sql error log file is very big in SQL 2008

SQL error log file is rapidly growing and it has reached in size 43 GB so how can I delete it safely? I guess a transaction log file of a database has caused so when I look at the sql log file thera are lots of messages " Transaction log for the database XXX is full" so I guess this is the reason why error log file was huge..

the question is that how can I delete old error log file safely or another way?please attached file
other question. the transaction log of this database is alwasy rapidly growing and I am shrinking this log file everyday so How can I bring under control this transaction log of this database?
SQLErrorLog.JPG
TRocexAsked:
Who is Participating?
 
Guy Hengel [angelIII / a3]Connect With a Mentor Billing EngineerCommented:
as I wrote: take transaction log backup more often (like once per hour)

if you get "disk full", you have to get some more disk, or backup to tape, or ....

something else you need to check is "why" you get that much transaction log.
this may be some rogue sql (doing full table updates instead of just updating few rows...)
0
 
x-menIT super heroCommented:
delete (or move) the old files at :...\MSSQL\Log\ERRORLOG##
0
 
Guy Hengel [angelIII / a3]Billing EngineerCommented:
do you ever recycle the error log file, at least regularly (i have a job scheduled monthly to do this):
Exec Sp_Cycle_Errorlog


in regards to the "errors" about transaction log file file: you need to implement & maintain regular transaction logbackups for all your databases that are in full recovery mode.
failing to do so will make the files will just grow (filling your disk), and if disk is full OR the log files are not set to auto-grow, filling the error log with the message you get.
0
Keep up with what's happening at Experts Exchange!

Sign up to receive Decoded, a new monthly digest with product updates, feature release info, continuing education opportunities, and more.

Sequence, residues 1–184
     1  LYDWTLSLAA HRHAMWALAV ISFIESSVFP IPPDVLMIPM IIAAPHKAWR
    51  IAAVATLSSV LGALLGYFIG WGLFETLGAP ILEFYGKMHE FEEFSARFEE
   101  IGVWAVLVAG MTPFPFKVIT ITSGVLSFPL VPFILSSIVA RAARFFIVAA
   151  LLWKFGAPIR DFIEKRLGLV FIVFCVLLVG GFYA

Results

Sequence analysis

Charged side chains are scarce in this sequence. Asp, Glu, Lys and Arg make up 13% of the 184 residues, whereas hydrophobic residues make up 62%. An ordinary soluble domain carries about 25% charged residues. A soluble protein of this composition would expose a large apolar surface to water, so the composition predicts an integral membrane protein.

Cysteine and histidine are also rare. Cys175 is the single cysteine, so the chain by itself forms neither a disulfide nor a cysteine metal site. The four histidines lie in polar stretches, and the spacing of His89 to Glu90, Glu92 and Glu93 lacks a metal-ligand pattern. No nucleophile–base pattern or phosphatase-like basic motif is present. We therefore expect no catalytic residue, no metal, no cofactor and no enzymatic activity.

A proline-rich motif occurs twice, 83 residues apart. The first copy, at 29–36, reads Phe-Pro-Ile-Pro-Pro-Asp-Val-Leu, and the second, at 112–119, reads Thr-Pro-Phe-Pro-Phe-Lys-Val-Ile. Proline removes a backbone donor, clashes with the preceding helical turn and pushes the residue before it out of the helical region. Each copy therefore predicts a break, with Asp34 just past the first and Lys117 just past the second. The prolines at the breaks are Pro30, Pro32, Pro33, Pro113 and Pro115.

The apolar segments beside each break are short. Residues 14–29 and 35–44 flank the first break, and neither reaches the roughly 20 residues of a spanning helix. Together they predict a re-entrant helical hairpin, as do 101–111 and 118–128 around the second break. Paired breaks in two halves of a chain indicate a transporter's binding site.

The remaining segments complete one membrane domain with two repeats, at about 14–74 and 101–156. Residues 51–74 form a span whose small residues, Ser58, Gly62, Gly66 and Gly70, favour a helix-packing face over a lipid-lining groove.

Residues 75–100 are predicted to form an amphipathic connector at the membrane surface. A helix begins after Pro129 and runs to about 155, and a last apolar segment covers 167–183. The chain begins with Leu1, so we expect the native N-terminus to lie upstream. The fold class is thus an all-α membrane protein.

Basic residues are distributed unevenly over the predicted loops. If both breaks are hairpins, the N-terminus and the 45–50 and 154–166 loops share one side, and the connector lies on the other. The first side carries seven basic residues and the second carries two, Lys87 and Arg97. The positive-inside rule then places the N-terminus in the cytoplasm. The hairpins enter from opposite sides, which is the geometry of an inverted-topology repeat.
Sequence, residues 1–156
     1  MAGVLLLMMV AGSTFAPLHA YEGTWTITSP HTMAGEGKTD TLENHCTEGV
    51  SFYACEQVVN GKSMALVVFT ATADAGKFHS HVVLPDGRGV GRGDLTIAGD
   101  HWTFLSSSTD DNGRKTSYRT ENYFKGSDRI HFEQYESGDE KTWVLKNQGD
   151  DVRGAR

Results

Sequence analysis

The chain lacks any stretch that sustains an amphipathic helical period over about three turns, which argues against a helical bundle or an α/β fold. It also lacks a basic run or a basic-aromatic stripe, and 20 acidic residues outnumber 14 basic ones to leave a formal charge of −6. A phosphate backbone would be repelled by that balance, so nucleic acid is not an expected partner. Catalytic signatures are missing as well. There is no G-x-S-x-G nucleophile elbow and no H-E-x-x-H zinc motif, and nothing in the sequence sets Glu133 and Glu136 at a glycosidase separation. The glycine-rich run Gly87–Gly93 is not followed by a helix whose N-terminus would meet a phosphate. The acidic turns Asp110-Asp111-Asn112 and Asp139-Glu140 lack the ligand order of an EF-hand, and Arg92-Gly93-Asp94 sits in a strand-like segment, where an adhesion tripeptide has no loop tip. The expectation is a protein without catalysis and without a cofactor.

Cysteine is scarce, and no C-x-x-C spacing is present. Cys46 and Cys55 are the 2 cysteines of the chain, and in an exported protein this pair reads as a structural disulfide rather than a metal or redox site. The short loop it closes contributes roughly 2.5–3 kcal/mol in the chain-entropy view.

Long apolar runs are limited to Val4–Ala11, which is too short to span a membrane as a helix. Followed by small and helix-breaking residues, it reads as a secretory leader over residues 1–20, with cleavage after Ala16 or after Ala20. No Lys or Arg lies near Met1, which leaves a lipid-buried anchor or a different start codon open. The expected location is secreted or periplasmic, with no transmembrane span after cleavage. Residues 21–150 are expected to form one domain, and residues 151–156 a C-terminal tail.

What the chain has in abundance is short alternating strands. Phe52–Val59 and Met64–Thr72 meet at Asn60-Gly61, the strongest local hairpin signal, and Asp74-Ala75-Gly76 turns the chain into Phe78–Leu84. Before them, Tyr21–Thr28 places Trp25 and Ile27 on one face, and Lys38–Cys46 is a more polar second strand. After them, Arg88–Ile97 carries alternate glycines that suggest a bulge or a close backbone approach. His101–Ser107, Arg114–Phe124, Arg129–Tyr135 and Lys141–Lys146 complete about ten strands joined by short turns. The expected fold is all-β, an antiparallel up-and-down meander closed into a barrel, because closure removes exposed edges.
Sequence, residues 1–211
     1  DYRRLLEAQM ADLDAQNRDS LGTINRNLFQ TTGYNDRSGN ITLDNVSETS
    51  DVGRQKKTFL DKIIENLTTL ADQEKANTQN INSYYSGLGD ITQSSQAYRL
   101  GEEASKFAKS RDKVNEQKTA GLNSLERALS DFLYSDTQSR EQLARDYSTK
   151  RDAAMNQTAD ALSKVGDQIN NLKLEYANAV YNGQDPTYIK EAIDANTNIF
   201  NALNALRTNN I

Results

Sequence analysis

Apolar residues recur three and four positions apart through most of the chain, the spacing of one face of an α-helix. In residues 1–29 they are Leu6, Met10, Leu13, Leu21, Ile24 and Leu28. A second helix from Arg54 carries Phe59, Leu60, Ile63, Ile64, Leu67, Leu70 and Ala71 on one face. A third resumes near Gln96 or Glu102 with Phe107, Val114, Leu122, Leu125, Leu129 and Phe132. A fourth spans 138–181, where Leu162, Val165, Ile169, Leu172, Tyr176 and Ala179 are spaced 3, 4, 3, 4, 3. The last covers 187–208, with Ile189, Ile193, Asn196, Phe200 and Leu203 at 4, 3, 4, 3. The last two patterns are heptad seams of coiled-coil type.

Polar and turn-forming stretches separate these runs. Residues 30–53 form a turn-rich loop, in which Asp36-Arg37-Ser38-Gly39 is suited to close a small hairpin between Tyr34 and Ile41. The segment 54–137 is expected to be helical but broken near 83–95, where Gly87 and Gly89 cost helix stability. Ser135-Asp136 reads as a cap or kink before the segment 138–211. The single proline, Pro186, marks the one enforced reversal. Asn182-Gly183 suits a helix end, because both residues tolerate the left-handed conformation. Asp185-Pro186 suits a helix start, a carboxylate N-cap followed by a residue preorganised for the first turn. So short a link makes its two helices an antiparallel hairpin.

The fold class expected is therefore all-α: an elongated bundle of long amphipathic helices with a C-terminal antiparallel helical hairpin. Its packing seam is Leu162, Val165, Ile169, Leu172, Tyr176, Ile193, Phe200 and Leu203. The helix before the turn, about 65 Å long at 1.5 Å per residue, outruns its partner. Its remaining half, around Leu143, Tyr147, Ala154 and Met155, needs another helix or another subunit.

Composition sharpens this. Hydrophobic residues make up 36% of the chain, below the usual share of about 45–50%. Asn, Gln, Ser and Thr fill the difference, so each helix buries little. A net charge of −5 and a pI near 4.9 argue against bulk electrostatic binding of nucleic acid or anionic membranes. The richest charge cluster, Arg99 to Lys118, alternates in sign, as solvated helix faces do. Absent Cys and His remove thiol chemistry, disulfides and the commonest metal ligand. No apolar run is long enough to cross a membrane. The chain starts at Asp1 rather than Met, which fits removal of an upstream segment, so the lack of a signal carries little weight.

Aaron ShiloChief Database ArchitectCommented:
hi

refer to this in order to monitor and change time retention of log.

http://archive.msdn.microsoft.com/SQLExamples/Wiki/View.aspx?title=ErrorLogMon&referringTitle=AutomatedDBA

Aaron.
0
 
TRocexAuthor Commented:
thanks I have deleted the SQL Error log file that is very large in size as I said the reason that sql error log file is very big in size is to be the transaction log file of the database XXX is always growing so the backups and the related this transaction log backups are being taken regulary but although this, I dont know why the transaction log file is growing in this way
0
 
Guy Hengel [angelIII / a3]Billing EngineerCommented:
check the output of this:
DBCC OPENTRAN

do you have replication in place for this db?
0
 
TRocexAuthor Commented:
I have run this command and it says no active open transaction..when i check the transaction log file every morning, it reaches 13GB in size..when I shrink this log file but other day is the same situation..there is no replication or other thing like mirrror
0
 
Guy Hengel [angelIII / a3]Billing EngineerCommented:
>.when i check the transaction log file every morning, it reaches 13GB in size..when I shrink this log file but other day is the same situation..

then, first, stop shrinking the transaction log file every morning, you will just waste IO.

instead, try to increase the frequency of the transaction log backups. what is the current t-log backups ...
0
 
TRocexAuthor Commented:
the latest backup to be taken is at 8:07 am and the size of the current t-log backup is 8 gb and I think in the morning it will be 13 gb in size again then the result of this will be the errors of disk full
0
 
Anthony PerkinsConnect With a Mentor Commented:
TRocex,

SQL Error Log has nothing whatsoever to do with your Transaction Log, so you need to decide what is your specific problem.

thanks I have deleted the SQL Error log file
If that was your Transaction Log you are indeed playing with fire and you may want to make sure your resume is updated.

If you are unable to do more frequent Transaction log backups then just change your Recovery Model to Simple.  You will lose the possibility of a point-in-time restore, but with all the shrinking you are doing it is not likely that is even an option and you will have to rely on the last time you did a Full backup.
0
Question has a verified solution.

Are you are experiencing a similar issue? Get a personalized answer when you ask a related question.

Have a better answer? Share it in a comment.

All Courses

From novice to tech pro — start learning today.